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Cube modeling for Write-back in BI planning solutions and scenarios

SharePoint 2010

Published: January 27, 2011

In this article:

Cube sizing and recommendations

Properly designed cubes will have many considerations taken into account. These considerations will impact the size and overall performance of the cube.

Avoid putting all logic into a single massive cube using all available dimensions. Not only does this make the cube unnecessarily large but it also makes it very hard to maintain and difficult to consume by IWs.

Use MOLAP partitions for non-volatile data.

Load data that is relevant to the planning process. Avoid loading all available data from a source system into your planning cubes. Separate out the data that is needed for the core planning with what is needed in reporting. Planning cubes will need to perform many what-if scenarios and the smaller the cube, the better overall experience for all IWs

Pre-calculate fact data whenever possible so as to avoid needing MdxScript rules to run and calculate. Reporting cubes are ideal candidates for pre-calculating the result directly to the fact table. This technique will lead to better query performance and scale

Use of measure groups

Measure groups are useful to group data that have the same dimensionality together within a single cube. For instance, data in the HR Budget cube is distributed across two measure groups, one for the budget data that have dimensionality of ‘Geography’, ‘Metric’, ‘Time’ and ‘Employee’ while the assumption data has dimensionality of ‘Pay Grade’ and ‘Time.’ Keeping the data at the dimensionality will result in better cube design, better and easier to manage rules and increased performance.

Use of Write-back table and considerations

In Microsoft SQL Server 2008 Analysis Services (SSAS), write-back tables with MOLAP storage have been improved to deliver faster data updates from user interaction. The write-back table will store a running delta for each cell update made by the IW. The write-back table will store all user updates to the cube including an audit trail of who submitted what and when.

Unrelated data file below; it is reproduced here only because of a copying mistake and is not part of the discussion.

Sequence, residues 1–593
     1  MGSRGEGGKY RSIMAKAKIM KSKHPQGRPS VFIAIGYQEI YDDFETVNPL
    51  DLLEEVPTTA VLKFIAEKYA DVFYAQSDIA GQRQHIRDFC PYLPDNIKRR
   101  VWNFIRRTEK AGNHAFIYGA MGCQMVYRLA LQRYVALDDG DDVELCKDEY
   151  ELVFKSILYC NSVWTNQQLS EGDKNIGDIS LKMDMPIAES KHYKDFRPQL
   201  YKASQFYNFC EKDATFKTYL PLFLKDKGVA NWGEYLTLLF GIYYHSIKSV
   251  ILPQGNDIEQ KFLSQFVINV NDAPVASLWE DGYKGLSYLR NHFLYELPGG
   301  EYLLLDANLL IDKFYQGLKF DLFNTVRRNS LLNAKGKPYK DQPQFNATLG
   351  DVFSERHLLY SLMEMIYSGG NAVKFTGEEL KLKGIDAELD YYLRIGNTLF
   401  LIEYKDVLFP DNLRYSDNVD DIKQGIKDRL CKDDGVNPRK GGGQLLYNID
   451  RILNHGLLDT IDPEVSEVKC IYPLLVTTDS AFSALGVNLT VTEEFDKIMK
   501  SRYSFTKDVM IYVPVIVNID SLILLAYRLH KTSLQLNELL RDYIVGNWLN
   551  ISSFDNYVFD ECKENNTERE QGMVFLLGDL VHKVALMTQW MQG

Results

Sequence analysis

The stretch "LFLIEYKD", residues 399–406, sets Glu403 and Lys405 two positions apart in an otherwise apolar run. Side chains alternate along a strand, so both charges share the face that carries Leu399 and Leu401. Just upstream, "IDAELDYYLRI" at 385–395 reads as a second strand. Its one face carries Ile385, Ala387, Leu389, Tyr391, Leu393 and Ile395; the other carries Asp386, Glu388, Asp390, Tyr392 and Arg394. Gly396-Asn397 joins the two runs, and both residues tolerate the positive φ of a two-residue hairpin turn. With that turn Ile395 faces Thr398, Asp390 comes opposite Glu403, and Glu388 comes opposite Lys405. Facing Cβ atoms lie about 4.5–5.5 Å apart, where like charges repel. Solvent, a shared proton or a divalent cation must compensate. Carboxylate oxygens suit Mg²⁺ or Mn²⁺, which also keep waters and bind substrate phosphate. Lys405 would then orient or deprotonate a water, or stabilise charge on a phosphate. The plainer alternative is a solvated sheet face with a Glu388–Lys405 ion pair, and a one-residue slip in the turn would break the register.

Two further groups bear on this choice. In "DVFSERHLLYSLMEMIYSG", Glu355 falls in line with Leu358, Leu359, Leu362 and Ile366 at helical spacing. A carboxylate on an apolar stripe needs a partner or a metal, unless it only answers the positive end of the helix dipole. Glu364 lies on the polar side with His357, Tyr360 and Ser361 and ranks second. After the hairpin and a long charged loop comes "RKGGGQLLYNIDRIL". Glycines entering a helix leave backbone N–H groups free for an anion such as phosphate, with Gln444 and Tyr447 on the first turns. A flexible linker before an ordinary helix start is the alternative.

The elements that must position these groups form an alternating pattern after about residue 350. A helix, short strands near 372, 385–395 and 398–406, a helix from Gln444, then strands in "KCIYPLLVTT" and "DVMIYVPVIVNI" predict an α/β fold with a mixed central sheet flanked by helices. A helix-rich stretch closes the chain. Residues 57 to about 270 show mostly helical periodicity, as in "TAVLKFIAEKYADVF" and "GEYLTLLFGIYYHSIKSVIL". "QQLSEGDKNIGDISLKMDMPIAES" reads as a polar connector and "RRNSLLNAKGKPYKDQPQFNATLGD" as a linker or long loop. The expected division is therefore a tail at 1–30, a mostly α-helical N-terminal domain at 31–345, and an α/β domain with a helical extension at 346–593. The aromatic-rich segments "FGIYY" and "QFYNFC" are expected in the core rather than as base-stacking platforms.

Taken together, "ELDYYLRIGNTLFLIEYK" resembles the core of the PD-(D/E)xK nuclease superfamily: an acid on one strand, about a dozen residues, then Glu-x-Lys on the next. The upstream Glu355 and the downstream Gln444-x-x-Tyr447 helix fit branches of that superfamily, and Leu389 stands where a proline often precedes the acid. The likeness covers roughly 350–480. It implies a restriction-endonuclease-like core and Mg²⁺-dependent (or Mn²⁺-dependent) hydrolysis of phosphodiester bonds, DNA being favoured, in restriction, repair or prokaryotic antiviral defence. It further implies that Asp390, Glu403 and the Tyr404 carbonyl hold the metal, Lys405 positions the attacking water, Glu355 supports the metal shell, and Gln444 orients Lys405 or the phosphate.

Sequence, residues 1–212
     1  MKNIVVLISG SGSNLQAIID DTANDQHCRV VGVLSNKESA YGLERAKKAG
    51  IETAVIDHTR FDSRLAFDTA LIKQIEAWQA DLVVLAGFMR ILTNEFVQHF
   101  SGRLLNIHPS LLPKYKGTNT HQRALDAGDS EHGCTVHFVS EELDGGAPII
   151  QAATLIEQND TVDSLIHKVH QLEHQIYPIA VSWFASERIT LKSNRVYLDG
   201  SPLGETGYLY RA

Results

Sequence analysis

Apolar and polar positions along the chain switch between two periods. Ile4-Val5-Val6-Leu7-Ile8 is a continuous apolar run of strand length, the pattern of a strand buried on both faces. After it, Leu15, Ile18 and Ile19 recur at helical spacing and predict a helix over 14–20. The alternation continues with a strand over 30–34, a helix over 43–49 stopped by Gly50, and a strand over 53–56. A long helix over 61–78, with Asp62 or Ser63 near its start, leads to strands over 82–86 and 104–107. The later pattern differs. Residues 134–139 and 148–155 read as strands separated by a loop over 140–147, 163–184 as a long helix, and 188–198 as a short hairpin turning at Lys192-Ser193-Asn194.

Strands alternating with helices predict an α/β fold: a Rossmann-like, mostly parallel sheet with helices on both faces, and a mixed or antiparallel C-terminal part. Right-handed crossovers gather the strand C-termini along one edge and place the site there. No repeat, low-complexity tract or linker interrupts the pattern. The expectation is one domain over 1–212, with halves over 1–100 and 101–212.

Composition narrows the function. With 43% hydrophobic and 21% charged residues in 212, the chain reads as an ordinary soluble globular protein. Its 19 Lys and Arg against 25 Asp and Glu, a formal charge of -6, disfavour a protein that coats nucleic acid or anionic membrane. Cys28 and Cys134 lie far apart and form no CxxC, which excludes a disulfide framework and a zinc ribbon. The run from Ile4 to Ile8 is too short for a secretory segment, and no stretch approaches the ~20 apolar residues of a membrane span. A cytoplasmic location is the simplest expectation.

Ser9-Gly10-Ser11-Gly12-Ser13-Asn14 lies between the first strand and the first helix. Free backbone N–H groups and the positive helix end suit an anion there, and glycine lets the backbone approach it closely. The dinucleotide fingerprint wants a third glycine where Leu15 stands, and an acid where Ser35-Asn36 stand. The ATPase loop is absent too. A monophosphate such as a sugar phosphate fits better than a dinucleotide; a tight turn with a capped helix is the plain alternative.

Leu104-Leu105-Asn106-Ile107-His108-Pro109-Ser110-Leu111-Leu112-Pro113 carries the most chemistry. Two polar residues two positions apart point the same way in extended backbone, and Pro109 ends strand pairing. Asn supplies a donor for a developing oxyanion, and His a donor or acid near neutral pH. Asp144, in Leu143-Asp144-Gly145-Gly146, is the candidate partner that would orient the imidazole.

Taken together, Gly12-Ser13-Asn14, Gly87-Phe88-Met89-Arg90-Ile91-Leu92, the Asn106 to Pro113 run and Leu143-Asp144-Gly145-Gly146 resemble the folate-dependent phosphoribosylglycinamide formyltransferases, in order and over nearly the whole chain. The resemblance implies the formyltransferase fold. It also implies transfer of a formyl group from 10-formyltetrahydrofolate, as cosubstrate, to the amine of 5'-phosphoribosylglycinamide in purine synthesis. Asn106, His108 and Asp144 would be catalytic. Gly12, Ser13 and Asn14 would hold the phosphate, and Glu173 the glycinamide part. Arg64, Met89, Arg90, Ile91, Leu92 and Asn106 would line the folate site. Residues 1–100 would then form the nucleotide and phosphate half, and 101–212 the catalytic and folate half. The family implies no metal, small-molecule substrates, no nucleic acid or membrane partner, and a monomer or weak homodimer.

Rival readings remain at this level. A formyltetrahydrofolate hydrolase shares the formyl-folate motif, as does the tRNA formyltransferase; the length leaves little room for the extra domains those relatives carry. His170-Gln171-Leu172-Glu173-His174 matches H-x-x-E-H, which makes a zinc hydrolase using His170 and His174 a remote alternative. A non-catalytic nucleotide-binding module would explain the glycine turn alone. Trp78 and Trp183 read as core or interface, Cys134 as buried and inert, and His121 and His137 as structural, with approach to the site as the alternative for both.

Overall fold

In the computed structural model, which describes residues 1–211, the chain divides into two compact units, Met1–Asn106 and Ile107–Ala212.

To configure your measure group to have a partition for writeback, set up a MOLAP partitioning dedicated for write-back scenario. (For more information, see Planning modeling and reporting guide for BI planning solutions and scenarios.)

Value_0 MemberId_1 MemberId_2 MemberId_3 MemberId_4 MemberId_5 MemberId_6 MS_Audit_Time_7 MS_Audit_User_8

82.27

1

20100500

2

12

210

1

11:11:34 PM

CORP\jeffwan

82.27

1

20100500

2

13

210

1

11:11:34 PM

CORP\jeffwan

-12997.73

1

20100500

2

14

210

1

11:11:34 PM

CORP\jeffwan

Multi-user Write-back

Multi-user write-back is supported with writeback tables in SQL Server Analysis Services. The behavior of having multiple IWs writing data into the same slice is last person wins. All data entry by IWs will have their transactions audited by the writeback table.

It is recommended that the data entry process is configured in such a way that each IW submits and updates data in their own unique slice of data within the cube. This will lead to better data accountability and an improved user experience overall as data submitted by one IW is not arbitrarily lost or overwritten by another IW’s submission.

Use of partitions and cube settings (MOLAP/ROLAP)

MOLAP storage for partitions will enables the best query time performance in SQL Server Analysis Services. MOLAP storage is ideal for data that is non-volatile, or to put in another way that is static and non-changing. Static data in this sense refer to the underlying fact values not changing from such processes as rule execution, data load and or user entry. Data that is ‘Actual’ and data that is considered ‘Historic’ are great candidates for storing together in a MOLAP partition. Static data can be processed once and will not requiring future processing unless there is a change to the partition’s data. This can be helpful when you process of large partitions can take considerable time.

Data that is volatile and requires near real time data updates should consider using ROLAP as the storage mechanism for the partition. ROLAP will give the most up to date data when queried upon. You can configure the storage mechanism of each partition to be different depending on the kind of data that it will store, whether static or volatile.

For more information about MOLAP/ROLAP partition settings, see Planning modeling and reporting guide for BI planning solutions and scenarios.

Use of proactive caching

In planning solutions, data can be updated in many ways, including the following:

  • End-user data submission

  • Data loads for new and updated data

  • Updates from business rule calculations done at the relational level

Here we will explore a useful feature in SQL Server Analysis Services that enables automatic data updates for the cube when data changes on the underlying data source. Proactive caching is a great feature that automates bringing in new updates to the cube. We will show how this can be configured on a partition of the cube to detect changes from our SQL Server 2008 relational fact table by using change notification.

note Note:

To configure proactive caching for planning cube, see Planning modeling and reporting guide for BI planning solutions and scenarios. For more information, see Proactive Caching (Partitions).

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